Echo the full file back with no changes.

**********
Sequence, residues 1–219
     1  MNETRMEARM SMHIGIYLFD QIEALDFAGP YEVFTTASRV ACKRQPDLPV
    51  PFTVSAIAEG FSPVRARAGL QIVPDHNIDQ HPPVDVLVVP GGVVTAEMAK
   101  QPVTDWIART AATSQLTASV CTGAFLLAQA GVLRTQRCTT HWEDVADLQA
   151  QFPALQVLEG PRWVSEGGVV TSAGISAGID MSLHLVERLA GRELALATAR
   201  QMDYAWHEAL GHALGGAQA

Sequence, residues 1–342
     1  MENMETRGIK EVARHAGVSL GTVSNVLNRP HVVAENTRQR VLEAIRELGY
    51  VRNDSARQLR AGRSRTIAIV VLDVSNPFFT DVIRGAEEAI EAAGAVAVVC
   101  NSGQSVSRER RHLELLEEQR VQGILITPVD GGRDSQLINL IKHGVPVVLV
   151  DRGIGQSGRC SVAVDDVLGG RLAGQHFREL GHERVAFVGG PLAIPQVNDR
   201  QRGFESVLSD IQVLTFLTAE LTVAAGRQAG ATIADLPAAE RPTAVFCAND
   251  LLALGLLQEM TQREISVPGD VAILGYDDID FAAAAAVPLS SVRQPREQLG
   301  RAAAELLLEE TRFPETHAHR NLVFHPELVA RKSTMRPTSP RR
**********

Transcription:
Sequence, residues 1–219
     1  MNETRMEARM SMHIGIYLFD QIEALDFAGP YEVFTTASRV ACKRQPDLPV
    51  PFTVSAIAEG FSPVRARAGL QIVPDHNIDQ HPPVDVLVVP GGVVTAEMAK
   101  QPVTDWIART AATSQLTASV CTGAFLLAQA GVLRTQRCTT HWEDVADLQA
   151  QFPALQVLEG PRWVSEGGVV TSAGISAGID MSLHLVERLA GRELALATAR
   201  QMDYAWHEAL GHALGGAQA

Sequence, residues 1–342
     1  MENMETRGIK EVARHAGVSL GTVSNVLNRP HVVAENTRQR VLEAIRELGY
    51  VRNDSARQLR AGRSRTIAIV VLDVSNPFFT DVIRGAEEAI EAAGAVAVVC
   101  NSGQSVSRER RHLELLEEQR VQGILITPVD GGRDSQLINL IKHGVPVVLV
   151  DRGIGQSGRC SVAVDDVLGG RLAGQHFREL GHERVAFVGG PLAIPQVNDR
   201  QRGFESVLSD IQVLTFLTAE LTVAAGRQAG ATIADLPAAE RPTAVFCAND
   251  LLALGLLQEM TQREISVPGD VAILGYDDID FAAAAAVPLS SVRQPREQLG
   301  RAAAELLLEE TRFPETHAHR NLVFHPELVA RKSTMRPTSP RR